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Module 7(a)two: Menus, Keyboard Accelerators, the Rich Edit Control,

and Property Sheets – Part 4






This is a continuation from the previous module... Program examples compiled using Visual C++ 6.0 (MFC 6.0) compiler on Windows XP Pro machine with Service Pack 2. Topics and sub topics for this Tutorial are listed below:

  1. Apply Button Processing

  2. The CMenu Class

  3. Creating Floating Pop-Up Menus

  4. Extended Command Processing



Add two data members and two prototypes to the CMymfcproView class.



    CFontSheet m_sh;

    BOOL m_bDefault; // TRUE default format, FALSE selection


Adding m_sh member variable.


Figure 17: Adding m_sh member variable.


Adding m_bDefault member variables.


Figure 18: Adding m_bDefault member variables.


If you use ClassView for the data members, the #include for Property.h will be added automatically as shown below.


MFC Visual C++ code segment


Listing 2.


Now add the prototype for the private function Format:


       void Format(CHARFORMAT &cf);


MFC Visual C++ code segment


Listing 3.


Insert the prototype for the protected function OnUserApply() before the DECLARE_MESSAGE_MAP macro.


afx_msg LRESULT OnUserApply(WPARAM wParam, LPARAM lParam);


MFC Visual C++ code segment


Listing 4.


Edit and add code in the file mymfcproView.cpp. Map the user-defined WM_USERAPPLY message, as shown here:




MFC Visual C++ code segment


Listing 5.


Add the following lines to the OnCreate() function, just before the return 0 statement:






MFC Visual C++ code segment


Listing 6.


Edit the view constructor to set default values for the property sheet data members, as follows:


CMymfcproView::CMymfcproView() : m_sh("")


    m_sh.m_page1.m_nFont = 0;

    m_sh.m_page2.m_bBold = FALSE;

    m_sh.m_page2.m_bItalic = FALSE;

    m_sh.m_page2.m_bUnderline = FALSE;

    m_sh.m_page3.m_nColor = 0;

    m_sh.m_page4.m_nFontSize = 12;

    g_pView = this;

    m_bDefault = TRUE;


















MFC Visual C++ code segment


Listing 7.


Edit the format command handlers, as shown here:


void CMymfcproView::OnFormatDefault()


    m_sh.SetTitle("Default Format");

    m_bDefault = TRUE;




void CMymfcproView::OnFormatSelection()


    m_sh.SetTitle("Selection Format");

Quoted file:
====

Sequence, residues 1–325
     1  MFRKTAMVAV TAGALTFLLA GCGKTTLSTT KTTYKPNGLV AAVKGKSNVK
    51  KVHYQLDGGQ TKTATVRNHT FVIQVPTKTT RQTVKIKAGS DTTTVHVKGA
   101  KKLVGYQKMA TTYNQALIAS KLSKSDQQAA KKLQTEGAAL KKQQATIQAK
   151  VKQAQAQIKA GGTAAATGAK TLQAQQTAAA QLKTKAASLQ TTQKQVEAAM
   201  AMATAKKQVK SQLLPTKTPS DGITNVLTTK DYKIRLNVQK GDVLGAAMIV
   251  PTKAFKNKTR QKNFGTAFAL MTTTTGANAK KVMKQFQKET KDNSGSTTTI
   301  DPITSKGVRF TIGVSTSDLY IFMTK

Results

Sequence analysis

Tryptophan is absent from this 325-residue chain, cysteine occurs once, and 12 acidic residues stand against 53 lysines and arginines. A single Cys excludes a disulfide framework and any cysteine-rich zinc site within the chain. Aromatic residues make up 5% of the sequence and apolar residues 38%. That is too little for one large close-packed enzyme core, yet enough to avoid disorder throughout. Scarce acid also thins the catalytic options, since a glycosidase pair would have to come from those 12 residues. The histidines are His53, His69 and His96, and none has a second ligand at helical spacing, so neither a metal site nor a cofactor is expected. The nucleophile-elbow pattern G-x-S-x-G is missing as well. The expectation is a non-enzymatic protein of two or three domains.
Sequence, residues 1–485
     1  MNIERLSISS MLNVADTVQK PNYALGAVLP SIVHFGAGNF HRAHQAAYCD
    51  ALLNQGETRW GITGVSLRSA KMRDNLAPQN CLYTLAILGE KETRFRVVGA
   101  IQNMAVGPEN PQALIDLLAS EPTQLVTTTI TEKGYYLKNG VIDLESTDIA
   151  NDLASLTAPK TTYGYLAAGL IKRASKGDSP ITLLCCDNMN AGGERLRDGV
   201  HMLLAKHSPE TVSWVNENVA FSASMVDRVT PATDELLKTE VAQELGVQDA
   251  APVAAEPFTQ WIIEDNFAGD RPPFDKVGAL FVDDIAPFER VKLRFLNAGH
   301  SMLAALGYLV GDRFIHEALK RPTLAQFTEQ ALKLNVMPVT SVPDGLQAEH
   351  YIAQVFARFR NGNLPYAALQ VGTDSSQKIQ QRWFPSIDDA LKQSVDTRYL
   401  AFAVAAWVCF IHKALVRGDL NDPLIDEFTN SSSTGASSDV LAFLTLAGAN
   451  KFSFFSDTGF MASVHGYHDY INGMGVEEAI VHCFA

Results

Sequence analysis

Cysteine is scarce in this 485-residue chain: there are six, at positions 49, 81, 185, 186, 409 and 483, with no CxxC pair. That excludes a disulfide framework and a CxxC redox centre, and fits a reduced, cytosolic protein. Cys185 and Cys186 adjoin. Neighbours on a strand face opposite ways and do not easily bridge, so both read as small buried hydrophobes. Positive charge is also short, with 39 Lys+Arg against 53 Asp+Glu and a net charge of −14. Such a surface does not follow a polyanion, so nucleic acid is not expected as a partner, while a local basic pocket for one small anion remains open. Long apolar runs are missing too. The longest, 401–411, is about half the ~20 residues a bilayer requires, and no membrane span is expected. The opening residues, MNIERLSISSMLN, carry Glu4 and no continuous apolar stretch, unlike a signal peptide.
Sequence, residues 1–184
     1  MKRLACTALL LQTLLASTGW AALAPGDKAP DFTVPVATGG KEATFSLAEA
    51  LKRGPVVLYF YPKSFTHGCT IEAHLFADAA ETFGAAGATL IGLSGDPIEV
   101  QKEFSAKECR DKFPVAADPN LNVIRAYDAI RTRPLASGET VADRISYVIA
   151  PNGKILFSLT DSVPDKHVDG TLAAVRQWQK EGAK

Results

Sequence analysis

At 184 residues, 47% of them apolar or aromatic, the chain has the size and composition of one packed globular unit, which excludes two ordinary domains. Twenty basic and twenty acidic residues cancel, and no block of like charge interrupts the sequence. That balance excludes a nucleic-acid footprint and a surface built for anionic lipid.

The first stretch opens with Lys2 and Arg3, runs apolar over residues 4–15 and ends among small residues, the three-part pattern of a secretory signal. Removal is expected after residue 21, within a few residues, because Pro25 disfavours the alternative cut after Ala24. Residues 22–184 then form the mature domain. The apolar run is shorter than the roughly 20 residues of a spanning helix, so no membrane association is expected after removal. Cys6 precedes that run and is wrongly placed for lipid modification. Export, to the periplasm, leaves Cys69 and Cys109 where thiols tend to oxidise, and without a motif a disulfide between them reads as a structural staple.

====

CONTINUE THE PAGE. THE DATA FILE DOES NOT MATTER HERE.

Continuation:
m_bDefault = FALSE;




void CMymfcproView::OnUpdateFormatSelection(CCmdUI* pCmdUI)


    long nStart, nEnd;

    m_rich.GetSel(nStart, nEnd);

    pCmdUI->Enable(nStart != nEnd);



MFC Visual C++ code segment


Listing 8.


Add the following handler for the user-defined WM_USERAPPLY message:


LRESULT CMymfcproView::OnUserApply(WPARAM wParam, LPARAM lParam)


    TRACE("CMymfcproView::OnUserApply -- wParam = %x\n", wParam);



    if (m_bDefault)








    return 0;



MFC Visual C++ code segment


Listing 9.


Add the Format() helper function, as shown below, to set a CHARFORMAT structure based on the values of the property sheet data members.


void CMymfcproView::Format(CHARFORMAT& cf)


    cf.cbSize = sizeof(CHARFORMAT);

    cf.dwMask = CFM_BOLD | CFM_COLOR | CFM_FACE |


    cf.dwEffects = (m_sh.m_page2.m_bBold ? CFE_BOLD : 0) |

                   (m_sh.m_page2.m_bItalic ? CFE_ITALIC : 0) |

                   (m_sh.m_page2.m_bUnderline ? CFE_UNDERLINE : 0);

    cf.yHeight = m_sh.m_page4.m_nFontSize * 20;

    switch(m_sh.m_page3.m_nColor) {

    case -1:

    case 0:

        cf.crTextColor = RGB(0, 0, 0);


    case 1:

        cf.crTextColor = RGB(255, 0, 0);


    case 2:

        cf.crTextColor = RGB(0, 255, 0);



    switch(m_sh.m_page1.m_nFont) {

    case -1:

    case 0:

        strcpy(cf.szFaceName, "Times New Roman");


    case 1:

        strcpy(cf.szFaceName, "Arial");


    case 2:

        strcpy(cf.szFaceName, "Courier New");



    cf.bCharSet = 0;

    cf.bPitchAndFamily = 0;



MFC Visual C++ code segment


Listing 10.


Build and test the enhanced MYMFCPRO application. Type some text, and then choose Default from the Format menu.


The new MYMFCPRO program output with property sheet.


Figure 19: The new MYMFCPRO program output with property sheet.


MYMFCPRO program output with Default and Selection menus.


Figure 20: MYMFCPRO program output with Default and Selection menus.


Setting the text’s font, effects, color and size through property sheets.


Figure 21: Setting the text’s font, effects, color and size through property sheets.



MYMFCPRO program output in action.


Figure 22: MYMFCPRO program output with property sheet in action.


Observe the TRACE messages in the Debug window as you click on property sheet tabs and click the Apply button. Try highlighting some text and then formatting the selection.


Viewing MYMFCPRO debug information (TRACE) through the debug window.


Figure 23: Viewing MYMFCPRO debug information (TRACE) through the debug window.


Apply Button Processing


You might be curious about the way the property sheet classes process the Apply button. In all the page classes, the overridden OnCommand() functions enable the Apply button whenever a control sends a message to the page. This works fine for pages 1 through 3 in MYMFCPRO, but for page 4, OnCommand() is called during the initial conversation between the spin button control and its buddy. The OnApply() virtual override in the CPage1 class sends a user-defined message to the view. The function finds the view in an expedient way, by using a global variable set by the view class. A better approach would be to pass the view pointer to the sheet constructor and then to the page constructor. The view class calls the property sheet's DoModal() function for both default formatting and selection formatting. It sets the m_bDefault flag to indicate the mode. We don't need to check the return from DoModal() because the user-defined message is sent for both the OK button and the Apply button. If the user clicks Cancel, no message is sent.


The CMenu Class